Born to an Argentinean father and an Italian mother, Leonor Fini received a cosmopolitan education in the heart of the Triestine literary scene. In 1925, having decided to paint, she moved to Milan, where the approach of painters inspired her. Meeting Savinio, Carrà, and other Italian Magical Realists had a Renaissance profound effect on her. When she moved to Paris in 1931, her interest in Surrealism strengthened her penchant for the wonderful and dream-like. Despite her friendships within the group of Surrealists, she explored the imaginary visions dictated by her fantasies alone: women-sphinxes, ephebes, and chimeras populate scenes where sacred rituals mix with the erotic, in an atmosphere which is incandescent and gloomy by turns, and always enigmatic. Here, woman commands a sovereign and aloof beauty, which is almost evil (L’Ange de l’anatomie, 1949); Nature is but a disturbing, almost morbid, proliferation of plants (Sphinx regina, 1946; La Grande Racine, 1948.)Her repertoire of cold, clear images could be broadly defined as “unreal realism” (Cocteau), except for of her ‘mineral’ period of the late 1950’s, during which the artists visions were hazy and transparent.A first exhibit at the Bonjean gallery in Paris (1937), and a second at the Julien Levy Gallery in New York (1939) began a series of successes, continuing though a retrospective at Knokke-Le-Zoute (1965), Ferrare (1983), and (in) Japan Comment0 ( 1985-1986). Her fanciful imagination, her predilection for parties and the theatrical lead Fini, soon after the war, to respond to numerous orders for costume and set design for stage productions. She worked for the Opera Garnier in Paris and at la Scala in Milan, among others. Masks and disguises for costume balls confirmed her role as the secret and extravagant muse of lavish parties. She also illustrated numerous books; in the 1970’s and 1980’s the isolation in which she kept her painting pushed her more and more to write, notably stories, (Mourmour, conte pour enfants velus, 1976) and books on cats (Miroir des chats, 1977).Agnès De la BeaumelleTranslated from the French by Emily Freeman.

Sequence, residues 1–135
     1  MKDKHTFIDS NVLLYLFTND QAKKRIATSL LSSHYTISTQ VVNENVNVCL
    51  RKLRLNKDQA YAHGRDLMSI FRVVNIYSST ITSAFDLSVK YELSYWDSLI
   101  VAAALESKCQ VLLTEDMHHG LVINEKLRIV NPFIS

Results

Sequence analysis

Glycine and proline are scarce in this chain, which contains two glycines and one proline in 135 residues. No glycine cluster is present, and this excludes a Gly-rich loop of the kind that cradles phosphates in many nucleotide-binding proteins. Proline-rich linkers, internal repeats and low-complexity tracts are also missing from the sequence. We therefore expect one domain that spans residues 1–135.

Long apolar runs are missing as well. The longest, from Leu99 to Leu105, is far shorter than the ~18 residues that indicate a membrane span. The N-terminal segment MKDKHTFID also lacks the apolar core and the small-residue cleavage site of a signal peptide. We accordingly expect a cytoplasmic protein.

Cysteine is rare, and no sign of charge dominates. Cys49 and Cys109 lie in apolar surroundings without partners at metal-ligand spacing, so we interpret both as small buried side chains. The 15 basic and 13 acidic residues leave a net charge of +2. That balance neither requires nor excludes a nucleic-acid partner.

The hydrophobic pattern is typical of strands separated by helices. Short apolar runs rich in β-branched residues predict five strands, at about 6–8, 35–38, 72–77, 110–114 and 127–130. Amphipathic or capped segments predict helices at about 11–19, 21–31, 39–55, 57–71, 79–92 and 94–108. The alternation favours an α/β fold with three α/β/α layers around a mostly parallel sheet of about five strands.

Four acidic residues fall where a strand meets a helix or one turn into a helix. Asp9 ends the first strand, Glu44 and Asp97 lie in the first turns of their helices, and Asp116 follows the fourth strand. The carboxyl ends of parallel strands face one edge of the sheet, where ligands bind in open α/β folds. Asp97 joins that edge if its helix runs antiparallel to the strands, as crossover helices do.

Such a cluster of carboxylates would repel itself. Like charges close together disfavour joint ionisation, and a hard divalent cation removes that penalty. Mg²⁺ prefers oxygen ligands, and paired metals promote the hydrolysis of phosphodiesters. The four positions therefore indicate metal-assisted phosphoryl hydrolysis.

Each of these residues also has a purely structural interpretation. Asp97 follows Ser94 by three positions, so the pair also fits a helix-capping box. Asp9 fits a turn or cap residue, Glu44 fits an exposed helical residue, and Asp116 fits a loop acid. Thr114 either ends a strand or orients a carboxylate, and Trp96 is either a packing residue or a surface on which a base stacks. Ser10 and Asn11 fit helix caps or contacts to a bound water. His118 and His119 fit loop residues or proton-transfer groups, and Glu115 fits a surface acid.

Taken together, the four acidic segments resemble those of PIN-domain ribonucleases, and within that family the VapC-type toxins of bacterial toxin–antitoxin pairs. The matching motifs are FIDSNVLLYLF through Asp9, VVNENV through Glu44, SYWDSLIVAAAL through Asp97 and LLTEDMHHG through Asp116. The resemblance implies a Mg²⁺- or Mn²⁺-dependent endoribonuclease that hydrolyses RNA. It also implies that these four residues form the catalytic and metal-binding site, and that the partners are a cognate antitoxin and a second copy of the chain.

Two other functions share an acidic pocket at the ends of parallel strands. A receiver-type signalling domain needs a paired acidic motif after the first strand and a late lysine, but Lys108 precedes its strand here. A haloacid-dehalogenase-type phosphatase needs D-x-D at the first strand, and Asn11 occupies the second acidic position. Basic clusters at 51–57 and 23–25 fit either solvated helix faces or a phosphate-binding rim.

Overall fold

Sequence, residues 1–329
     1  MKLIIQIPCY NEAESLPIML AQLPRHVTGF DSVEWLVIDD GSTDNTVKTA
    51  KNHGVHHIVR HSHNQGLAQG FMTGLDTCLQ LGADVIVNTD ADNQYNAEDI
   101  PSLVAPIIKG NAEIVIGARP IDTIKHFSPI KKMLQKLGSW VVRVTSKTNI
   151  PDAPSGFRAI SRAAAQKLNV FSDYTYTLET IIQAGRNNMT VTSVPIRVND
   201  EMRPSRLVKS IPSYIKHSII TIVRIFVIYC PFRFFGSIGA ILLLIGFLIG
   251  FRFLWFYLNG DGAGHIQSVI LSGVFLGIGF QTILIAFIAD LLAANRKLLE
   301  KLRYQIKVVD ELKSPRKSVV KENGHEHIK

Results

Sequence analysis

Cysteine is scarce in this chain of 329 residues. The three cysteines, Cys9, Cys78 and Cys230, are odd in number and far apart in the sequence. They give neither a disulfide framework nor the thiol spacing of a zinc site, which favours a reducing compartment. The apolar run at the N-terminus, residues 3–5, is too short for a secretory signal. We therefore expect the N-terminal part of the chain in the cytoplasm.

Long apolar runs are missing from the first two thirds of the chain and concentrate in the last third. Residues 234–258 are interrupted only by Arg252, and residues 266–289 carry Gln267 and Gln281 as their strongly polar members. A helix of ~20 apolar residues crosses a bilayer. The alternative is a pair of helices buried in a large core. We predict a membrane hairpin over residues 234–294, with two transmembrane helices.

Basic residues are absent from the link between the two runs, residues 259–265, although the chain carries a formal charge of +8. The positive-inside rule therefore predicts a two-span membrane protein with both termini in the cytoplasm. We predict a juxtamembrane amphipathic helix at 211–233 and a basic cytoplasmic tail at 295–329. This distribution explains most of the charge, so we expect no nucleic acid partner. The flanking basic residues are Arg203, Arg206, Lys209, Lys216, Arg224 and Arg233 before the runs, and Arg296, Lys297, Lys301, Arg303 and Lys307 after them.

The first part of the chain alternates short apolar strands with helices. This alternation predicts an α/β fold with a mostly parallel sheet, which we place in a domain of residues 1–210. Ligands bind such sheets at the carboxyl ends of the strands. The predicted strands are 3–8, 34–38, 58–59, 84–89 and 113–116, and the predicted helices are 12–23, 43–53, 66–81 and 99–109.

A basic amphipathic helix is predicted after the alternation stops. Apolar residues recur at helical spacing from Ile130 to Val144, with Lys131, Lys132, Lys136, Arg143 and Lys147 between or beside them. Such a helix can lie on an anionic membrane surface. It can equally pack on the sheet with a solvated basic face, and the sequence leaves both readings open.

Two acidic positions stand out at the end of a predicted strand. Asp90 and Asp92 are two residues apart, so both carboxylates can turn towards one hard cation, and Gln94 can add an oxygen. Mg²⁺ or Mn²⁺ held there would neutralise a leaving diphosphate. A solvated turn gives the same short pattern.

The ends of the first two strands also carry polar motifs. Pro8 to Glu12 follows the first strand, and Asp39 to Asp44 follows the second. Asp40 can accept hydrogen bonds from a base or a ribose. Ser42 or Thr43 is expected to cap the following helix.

Comment0 C’était un endroit qui s’appelle Japon ? Ou dans le pays ?.